The London mayor took part in a mass cycle alongside the recently-inaugurated President Joko Widodo on the latest stop of a high-profile six-day regional tour.
Every Sunday, several main boulevards of Jakarta are closed to all traffic from 6am, allowing tens of thousands of Indonesians to pour into the streets on bikes and on foot, with street stalls and music offering a carnival atmosphere.
After breakfast with the president, Mr Johnson said: “Wasn’t that sensational? I have to admit I was blown away by the popularity of the car-free Sunday here in Jakarta.
“We have been thinking about it for ages – I don’t think you are going to get the British people out of bed at six in the morning to do it quite like that but it is certainly food for thought.
“I will certainly be asking TfL (Transport for London) to dust down those old ideas and let’s have a look at them again.
“I think it would probably take time to bed in and it would take a few years before people got into the swing of coming out into the streets and making use of the space that a car-free Sunday provided. But it was very stimulating.”
In a later interview with the BBC Radio 5 John Pienaar’s Politics show, Mr Johnson said it would be important to look at the traffic implications and other logistics of such an event.
For the past two years, several miles of central London streets have been closed on a Saturday in August for the Freecycle event, a key event in cycling festival which also include the Ride London 100 mass participation and pro-cycling races.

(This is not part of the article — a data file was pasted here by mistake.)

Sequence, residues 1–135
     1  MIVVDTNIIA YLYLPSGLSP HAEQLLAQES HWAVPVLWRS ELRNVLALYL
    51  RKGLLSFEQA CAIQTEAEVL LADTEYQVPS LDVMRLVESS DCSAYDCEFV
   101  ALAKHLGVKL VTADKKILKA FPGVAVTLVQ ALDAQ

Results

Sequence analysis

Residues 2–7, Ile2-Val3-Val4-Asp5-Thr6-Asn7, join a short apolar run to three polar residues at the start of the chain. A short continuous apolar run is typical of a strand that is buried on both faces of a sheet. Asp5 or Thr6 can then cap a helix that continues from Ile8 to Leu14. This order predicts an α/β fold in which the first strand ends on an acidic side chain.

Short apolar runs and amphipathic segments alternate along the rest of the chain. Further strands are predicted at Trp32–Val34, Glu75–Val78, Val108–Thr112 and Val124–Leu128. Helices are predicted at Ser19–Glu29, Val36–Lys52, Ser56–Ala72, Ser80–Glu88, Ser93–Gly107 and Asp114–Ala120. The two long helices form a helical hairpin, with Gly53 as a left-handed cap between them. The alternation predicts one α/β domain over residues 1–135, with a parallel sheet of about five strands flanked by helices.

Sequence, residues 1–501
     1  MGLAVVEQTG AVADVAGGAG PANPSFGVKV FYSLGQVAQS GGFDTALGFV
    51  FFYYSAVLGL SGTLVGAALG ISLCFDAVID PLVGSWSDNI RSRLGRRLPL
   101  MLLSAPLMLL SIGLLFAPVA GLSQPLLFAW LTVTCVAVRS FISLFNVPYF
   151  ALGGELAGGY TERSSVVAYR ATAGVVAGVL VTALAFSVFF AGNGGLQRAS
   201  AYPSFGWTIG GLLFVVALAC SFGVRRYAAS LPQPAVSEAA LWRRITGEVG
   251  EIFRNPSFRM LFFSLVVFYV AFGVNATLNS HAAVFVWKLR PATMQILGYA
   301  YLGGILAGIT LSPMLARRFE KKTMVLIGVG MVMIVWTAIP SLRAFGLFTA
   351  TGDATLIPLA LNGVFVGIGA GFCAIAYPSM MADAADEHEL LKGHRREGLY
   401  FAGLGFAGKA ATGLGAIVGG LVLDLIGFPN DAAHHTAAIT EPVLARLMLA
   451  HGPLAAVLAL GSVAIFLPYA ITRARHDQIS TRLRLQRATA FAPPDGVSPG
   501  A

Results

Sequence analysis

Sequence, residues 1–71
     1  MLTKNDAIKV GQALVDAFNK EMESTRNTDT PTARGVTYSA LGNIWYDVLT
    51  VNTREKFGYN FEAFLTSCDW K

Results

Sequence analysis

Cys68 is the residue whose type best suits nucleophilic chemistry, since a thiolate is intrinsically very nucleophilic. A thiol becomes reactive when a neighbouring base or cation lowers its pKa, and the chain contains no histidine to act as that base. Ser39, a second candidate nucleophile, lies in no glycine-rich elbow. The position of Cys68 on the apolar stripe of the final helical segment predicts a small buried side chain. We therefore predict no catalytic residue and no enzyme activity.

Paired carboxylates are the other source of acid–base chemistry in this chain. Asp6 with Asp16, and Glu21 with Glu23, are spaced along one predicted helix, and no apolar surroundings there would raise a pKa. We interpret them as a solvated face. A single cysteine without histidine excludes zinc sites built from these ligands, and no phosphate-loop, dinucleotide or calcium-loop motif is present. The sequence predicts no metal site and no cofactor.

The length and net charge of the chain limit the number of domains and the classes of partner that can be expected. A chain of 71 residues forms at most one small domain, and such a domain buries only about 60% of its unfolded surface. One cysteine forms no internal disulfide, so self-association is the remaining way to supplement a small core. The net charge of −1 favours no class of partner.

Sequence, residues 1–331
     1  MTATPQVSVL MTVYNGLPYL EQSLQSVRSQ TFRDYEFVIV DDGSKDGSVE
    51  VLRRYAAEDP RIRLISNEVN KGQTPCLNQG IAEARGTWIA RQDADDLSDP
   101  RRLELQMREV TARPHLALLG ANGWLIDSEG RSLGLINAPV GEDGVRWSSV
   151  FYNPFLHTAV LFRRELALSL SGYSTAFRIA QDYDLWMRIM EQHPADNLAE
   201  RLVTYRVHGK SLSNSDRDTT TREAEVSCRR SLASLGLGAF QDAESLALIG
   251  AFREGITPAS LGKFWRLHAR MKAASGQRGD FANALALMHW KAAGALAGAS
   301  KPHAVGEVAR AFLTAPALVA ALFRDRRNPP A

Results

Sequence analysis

Jakarta’s event has been running for 16 years and become a weekly, rather than monthly, event when Mr Widodo was governor.
Since his meteoric rise to the presidency earlier this year, Mr Widodo has met only a handful of foreign leaders, including Australian Prime Minister Tony Abbott and US Secretary of State John Kerry.
Prime Minister David Cameron had a brief encounter with the new president at the G20 meeting in Brisbane earlier this month.
Following the business breakfast, Mr Johnson said it had been a useful meeting.
He said: “We discussed co-operation in the financial sector, the investment Indonesia is hoping to attract from Britain and other European countries… transport infrastructure.
“We talked about the coming Asian Games and our experience in London of dealing with the Olympics and the lessons of some of the ideas we could share about security, providing for the athletes’ village, which is always a very difficult issue.
“All those sorts of things – exchanges of students, we are very keen to have more Indonesian students come and study in London. We had a very wide wide-ranging discussion.”
Asked by the BBC if Mr Widodo had tips on “fulfilling the dream of going from mayor to head of state”, Mr Johnson laughed off the question and added: “No… it was a very interesting conversation.
“I think genuinely there is a real eagerness to see more investment from Britain but also to discover more about what Britain has to offer by way of trade and the opportunities for Indonesians to invest in our country.
“That was the bulk of it.”